Leaps and bounds as Life evolved
It was the natural next step after exploring the world of atoms, molecules and elements to proceed into the evolution of life in the four billion year long history of the planet. The essential chemical reactions were skipped for the next session due to more immediate semester requirements of biology.
But not before the class was taken through a mind-boggling journey down the billion and million concepts. Kshama explained how it takes 12 days to add up 1 million seconds and 33 years to make 1 billion seconds. She also gave another example using the number of letters in a book to drive home the stupendous scale of million and billion.
Taking over the class Geetha Arvind then traced the billion years of evolution of life from nucleic acids to the 1.9 million species on the planet today. She took the class of 40 teachers through the various eras and periods and the life forms that put in an appearance, sometimes disappeared and at times flourished.
Beginning with single-celled prokaryotic cells like bacteria 3.8 bn years ago and the start of photosynthesis to multicellular life a billion years later, to fish, amphibians, reptiles, birds, dinosaurs and then the mammals 200 million years ago, to finally primates, apes, great apes and finally humans, gorillas and chimps, the class heard about Proterozoic era, Paleozoic era, Mesozoic era to the present Cenozoic era and the various periods they were further classified into.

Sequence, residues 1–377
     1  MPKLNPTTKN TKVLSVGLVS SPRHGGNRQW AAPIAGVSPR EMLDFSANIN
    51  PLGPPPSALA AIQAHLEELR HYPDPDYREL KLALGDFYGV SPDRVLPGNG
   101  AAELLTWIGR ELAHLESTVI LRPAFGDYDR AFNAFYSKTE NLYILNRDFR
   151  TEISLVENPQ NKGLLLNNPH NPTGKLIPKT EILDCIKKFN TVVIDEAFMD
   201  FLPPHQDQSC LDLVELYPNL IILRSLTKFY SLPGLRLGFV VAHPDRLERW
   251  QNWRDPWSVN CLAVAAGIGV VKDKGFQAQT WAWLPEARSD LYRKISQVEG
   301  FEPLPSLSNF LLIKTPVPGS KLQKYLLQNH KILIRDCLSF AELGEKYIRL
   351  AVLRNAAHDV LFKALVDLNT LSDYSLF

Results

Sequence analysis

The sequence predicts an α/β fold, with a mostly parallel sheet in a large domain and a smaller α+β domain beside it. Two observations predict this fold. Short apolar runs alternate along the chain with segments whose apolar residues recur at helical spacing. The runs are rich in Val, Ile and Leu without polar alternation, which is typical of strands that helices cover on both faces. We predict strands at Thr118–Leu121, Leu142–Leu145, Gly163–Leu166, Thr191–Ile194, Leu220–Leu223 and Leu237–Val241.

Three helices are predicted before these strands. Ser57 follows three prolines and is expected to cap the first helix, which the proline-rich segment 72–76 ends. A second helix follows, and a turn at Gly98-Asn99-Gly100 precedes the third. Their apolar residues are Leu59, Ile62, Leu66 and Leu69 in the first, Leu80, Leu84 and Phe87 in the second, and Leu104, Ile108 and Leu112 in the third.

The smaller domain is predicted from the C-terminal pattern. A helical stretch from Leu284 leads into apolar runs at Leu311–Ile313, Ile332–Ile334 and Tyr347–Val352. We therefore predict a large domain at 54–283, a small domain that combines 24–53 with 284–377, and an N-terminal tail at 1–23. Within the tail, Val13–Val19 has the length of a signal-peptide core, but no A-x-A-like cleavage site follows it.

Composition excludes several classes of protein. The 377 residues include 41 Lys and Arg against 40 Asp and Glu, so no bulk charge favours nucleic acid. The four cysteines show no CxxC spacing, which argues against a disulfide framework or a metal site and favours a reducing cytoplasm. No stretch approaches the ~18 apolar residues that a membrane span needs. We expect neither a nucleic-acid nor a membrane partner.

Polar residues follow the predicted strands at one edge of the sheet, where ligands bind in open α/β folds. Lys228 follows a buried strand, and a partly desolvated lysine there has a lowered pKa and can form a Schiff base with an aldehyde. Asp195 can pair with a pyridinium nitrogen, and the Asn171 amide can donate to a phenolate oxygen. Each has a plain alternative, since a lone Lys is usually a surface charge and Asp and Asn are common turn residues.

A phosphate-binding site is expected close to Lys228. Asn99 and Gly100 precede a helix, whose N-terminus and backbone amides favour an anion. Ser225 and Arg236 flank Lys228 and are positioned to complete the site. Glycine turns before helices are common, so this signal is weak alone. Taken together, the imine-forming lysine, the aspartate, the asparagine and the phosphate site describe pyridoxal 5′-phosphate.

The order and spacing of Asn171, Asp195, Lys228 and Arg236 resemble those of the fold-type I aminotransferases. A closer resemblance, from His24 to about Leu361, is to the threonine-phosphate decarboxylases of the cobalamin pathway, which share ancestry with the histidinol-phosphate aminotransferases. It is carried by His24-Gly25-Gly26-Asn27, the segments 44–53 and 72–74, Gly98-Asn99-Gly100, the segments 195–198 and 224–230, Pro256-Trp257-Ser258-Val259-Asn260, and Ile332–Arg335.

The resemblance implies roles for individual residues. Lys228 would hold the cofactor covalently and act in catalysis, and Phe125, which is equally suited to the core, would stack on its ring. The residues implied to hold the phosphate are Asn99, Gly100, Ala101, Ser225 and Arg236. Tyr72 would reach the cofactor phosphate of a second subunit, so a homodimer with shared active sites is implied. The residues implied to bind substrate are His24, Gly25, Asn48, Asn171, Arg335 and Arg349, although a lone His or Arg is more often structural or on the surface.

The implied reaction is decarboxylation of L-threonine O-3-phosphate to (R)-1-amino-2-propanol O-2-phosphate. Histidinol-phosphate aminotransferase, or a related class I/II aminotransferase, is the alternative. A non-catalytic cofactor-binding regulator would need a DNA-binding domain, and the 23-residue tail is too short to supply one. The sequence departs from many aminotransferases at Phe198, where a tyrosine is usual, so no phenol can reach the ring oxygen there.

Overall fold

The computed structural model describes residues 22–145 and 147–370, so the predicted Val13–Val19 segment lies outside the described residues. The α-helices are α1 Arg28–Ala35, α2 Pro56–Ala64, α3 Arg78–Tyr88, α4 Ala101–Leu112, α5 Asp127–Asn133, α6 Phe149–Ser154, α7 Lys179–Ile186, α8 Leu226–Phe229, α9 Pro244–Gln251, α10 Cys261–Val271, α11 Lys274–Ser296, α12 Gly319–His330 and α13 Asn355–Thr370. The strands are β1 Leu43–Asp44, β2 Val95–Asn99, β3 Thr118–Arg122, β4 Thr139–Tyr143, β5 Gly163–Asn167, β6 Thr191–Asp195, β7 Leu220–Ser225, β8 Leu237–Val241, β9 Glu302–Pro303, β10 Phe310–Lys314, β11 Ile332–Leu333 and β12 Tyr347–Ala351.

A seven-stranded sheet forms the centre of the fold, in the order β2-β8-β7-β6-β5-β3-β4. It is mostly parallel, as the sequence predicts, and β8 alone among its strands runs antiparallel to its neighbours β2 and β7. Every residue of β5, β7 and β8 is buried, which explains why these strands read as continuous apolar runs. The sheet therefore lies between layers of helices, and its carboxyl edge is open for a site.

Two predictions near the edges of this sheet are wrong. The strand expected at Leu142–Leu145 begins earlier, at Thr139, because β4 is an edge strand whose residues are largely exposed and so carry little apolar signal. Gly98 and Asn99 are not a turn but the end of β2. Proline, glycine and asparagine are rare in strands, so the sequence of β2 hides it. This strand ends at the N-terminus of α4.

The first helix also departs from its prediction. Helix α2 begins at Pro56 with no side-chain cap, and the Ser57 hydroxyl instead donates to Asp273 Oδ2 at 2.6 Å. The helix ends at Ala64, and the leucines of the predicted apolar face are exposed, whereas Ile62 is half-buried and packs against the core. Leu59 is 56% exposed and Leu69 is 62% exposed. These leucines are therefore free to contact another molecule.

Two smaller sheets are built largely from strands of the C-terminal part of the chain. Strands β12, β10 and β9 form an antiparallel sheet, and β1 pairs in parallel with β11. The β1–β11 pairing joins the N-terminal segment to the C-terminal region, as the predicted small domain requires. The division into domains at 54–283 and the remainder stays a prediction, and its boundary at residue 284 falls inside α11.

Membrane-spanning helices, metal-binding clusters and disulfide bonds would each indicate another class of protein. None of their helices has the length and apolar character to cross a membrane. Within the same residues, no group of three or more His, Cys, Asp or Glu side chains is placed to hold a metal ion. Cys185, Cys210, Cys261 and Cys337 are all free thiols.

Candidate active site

At the end of the session, a participant quipped, “What will we evolve into next?” while another curious one wanted to check if what he heard on TV was correct – that humans evolved from pigs and this has been a well kept secret!
From humans, the class then went on to learn about cells, tissues, organs and various systems. Here they saw how every system in the body is interconnected and works in tandem. The vital processes of diffusion, osmosis and active transport were demonstrated using illustrations and experiments.
Bhama Sridharan was ready with potatoes, some cooked and some raw, a few spoons of salt and sugar and water. Osmosis was demonstrated in the uncooked ones with salt or sugar, showing how water moves up to equalize the concentration of the solvent above and below.
The class ended in another session on Mathematics with Kshama developing an algebraic expression for number of sticks used in pictures of increasing number of squares. The participants then learnt to frame algebraic expressions for rectangles drawn on a sheet marked with evenly/unevenly spaced dots.
Both a pre-test and post-test was conducted before and after the class, as also the 10 minute breathing-based meditation. Assignments given after the first session were collected for evaluation and the teachers quizzed on how many had implemented the learnings at school for Class 5. Barring a couple of them who could not use it as they were handling class 6 or 7, most others expressed satisfaction with their lessons. “I was able to teach without the text book” “I was able to explain the concept first and then give names of definition” “I felt more confident now” “The masala dosa game for factors and multiples was a big hit with children”…. went the feedback.